World Tour Finals – Day 5 + 6
Group B – second round: Day 6
12. (4)David Ferrer d. (8)Janko Tipsarevic 4-6, 6-3, 6-1 [2:06 h]
No pressure at all, in fact some kind of an exhibition encounter, forgetting about 200 ATP points at stake (50 points more than gets a runner-up of the smallest ATP tournaments). The last match of the season for Tipsarevic, Ferrer with two rubbers against Czech players in a prospect next weekend. Obviously under these circumstances the Serb started with bigger eagerness. Actually the Spaniard was disinterested in the initial phase, perhaps frustrated that even straight sets victory wouldn’t give him a semifinal berth. Tipsarevic won first four games without any troubles, at 0:4 down “the Spanish terrier” felt the temperature of the match and even had a break point to level at 5 games all. Until the second break of the 3rd set all semifinalists were kept in a state of unconsciousness who would play who on Sunday: if Tipsarevic won, Federer would face Djokovic whilst the other semifinal pair would be consisted of Murray & Del Potro.
1. Federer, 2 wins, 5-2 sets (.714)
2. Del Potro, 2 wins, 5-3 sets (.625)
3. Ferrer, 2 wins, 4-4 sets (.500) *
* If Tipsarevic had won against Ferrer, DelPo would have finished on top because his match against Federer would have been decisive instead of the sets ratio
11. (6)Juan Martin del Potro d. (2)Roger Federer 7-6(3), 4-6, 6-3 [2:00 h]
It was a tricky match for Federer. He had guaranteed semifinal spot, both Murray and Djokovic are so tough, that calculating which one is a better match-up in semifinals was rather pointless for him, nonetheless he said he would like to play Murray, who had beaten him twice lately instead of Djokovic whom the Swiss had defeated twice in the last four months… Could he say something different not being accused on unfairness? Anyway, Federer needed to get one set to top his group on the assumption Tipsarevic wouldn’t beat Ferrer – well, this is comicality of the ’round robin’ format. Ok, eliding from those off court things, here is a summary of the match which equaled a record for the most encounters between players within a season #: no breaks of serve in the 1st set with a highlight at 4:3 for Federer when both guys displayed great skills in two consecutive games including two hot-dogs; 2nd set – Del Potro loses opening two games to ‘0’; 3rd set – Federer is broken to ’30’ in his opening service game with rather poor effort. Game over. Four semifinalists of the Olympic event in London again are placed in semifinals in London. Ferrer is eliminated no matter what happens in his last match. Period.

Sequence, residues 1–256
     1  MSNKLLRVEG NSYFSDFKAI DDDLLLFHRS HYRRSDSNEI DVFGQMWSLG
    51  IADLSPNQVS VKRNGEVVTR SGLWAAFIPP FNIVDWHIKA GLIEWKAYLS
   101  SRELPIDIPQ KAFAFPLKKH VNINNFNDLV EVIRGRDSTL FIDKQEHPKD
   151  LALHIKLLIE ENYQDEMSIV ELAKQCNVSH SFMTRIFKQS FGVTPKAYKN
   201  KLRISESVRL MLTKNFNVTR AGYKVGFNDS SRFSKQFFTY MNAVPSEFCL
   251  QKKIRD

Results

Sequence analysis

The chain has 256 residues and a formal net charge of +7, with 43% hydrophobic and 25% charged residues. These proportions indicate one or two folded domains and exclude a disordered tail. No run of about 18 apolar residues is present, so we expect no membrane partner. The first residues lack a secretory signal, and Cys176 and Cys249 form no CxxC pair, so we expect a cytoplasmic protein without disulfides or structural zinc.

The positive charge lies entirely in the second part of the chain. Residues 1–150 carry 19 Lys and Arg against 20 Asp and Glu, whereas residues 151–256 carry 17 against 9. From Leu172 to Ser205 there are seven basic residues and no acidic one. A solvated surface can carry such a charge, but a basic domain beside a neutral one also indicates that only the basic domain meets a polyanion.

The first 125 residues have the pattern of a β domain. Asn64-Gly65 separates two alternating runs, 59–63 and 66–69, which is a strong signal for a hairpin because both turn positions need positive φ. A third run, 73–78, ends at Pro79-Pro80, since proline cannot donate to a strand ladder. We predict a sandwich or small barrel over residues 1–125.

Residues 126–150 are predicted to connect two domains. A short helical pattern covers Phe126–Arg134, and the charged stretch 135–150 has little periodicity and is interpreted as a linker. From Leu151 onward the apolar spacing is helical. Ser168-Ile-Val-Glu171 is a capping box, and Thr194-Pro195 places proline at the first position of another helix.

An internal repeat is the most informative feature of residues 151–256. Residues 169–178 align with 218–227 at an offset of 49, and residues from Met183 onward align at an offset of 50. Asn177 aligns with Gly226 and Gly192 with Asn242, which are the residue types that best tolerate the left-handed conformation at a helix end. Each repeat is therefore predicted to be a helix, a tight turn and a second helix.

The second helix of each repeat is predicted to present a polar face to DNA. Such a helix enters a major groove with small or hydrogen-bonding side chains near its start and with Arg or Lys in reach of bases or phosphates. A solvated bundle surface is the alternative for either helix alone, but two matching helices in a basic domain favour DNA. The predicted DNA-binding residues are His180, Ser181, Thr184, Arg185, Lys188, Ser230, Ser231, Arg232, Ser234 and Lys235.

# Eight meetings between two players within a year:
2011: Roger Federer vs. Jo-Wilfried Tsonga (6-2)
2012: Roger Federer vs. Juan Martin del Potro (6-2)
Group A – third round: Day 5
10. (3)Andy Murray d. (7)Jo-Wilfried Tsonga 6-2, 7-6(3) [1:36 h]
Tsonga got into the match like he didn’t believe in straight sets victory which would promote him further. In contrary, Murray caught the highest level of concentration as early as in the opening game, exposing Tsonga’s weakness on the backhand side. If Murray had converted a break point leading 2:0 in the 2nd set, Tsonga would have finished this tournament in quite pathetic style. He somehow hung in, Murray’s supporter, a famous actor Kevin Spacey entered the grandstand after five games of that set, Murray loosened up, and the crowd started to cheer for the Frenchman (!) counting on more entertaining spectacle. Tsonga broke back and even had a set point at 6:5* – sent a forehand wide. Murray, so good in tie-breaks in the last two years, came back on the right track after three consecutive tie-break defeats, and won it firmly with an ace as a final accent. Tsonga finishes 2012 losing four matches in a row – it’s his worst streak at the main level. Last year at this stage of the year he began arguably his best three-tournament period, reaching finals in Paris & London, and winning Doha in January 2012. He loses a lot of points for first two tournaments, if he doesn’t defend the title in Qatar or play greatly in Melbourne, he will drop outside the Top 10 in the first quarter of 2013.
9. (1)Novak Djokovic d. (5)Tomas Berdych 6-2, 7-6(6) [1:37 h]
D’Joke needed winning a set to finish the group as a leader. It’s a very nice mindset when you face a guy whose you’ve beaten nine times in a row. The Serb didn’t want to play anything spectacular, he was just concentrated on delivering long, flat balls on Berdych’s ‘no-mans land’ to decompose his best attributes. Djokovic lost his service game leading 2:1 in the 2nd set and the entire group situation became a bit more complicated. The Czech player raised his game above his normal level to get a 5:1* lead in the tie-break. At that moment he could even reasonably expect winning this match based on experiences of both players: Djokovic tanked the last set in similar circumstances four years ago, so did Ferrer playing last year against… Berdych. Djokovic got two quick points from *3:6 thanks to big serves, Berdych hit 130 mph on third set point, but Djokovic responded with a great return causing Berdych’s error. Three wasted set points built too much pressure in Berdych’s mind, he missed two easy balls, and is already outside the tournament with more time to prepare himself for the Davis Cup final next week: “I hope that the best moment is still to come.” This outcome opens a gate for Tsonga – if he beats Murray in straights, he will play in semifinals.
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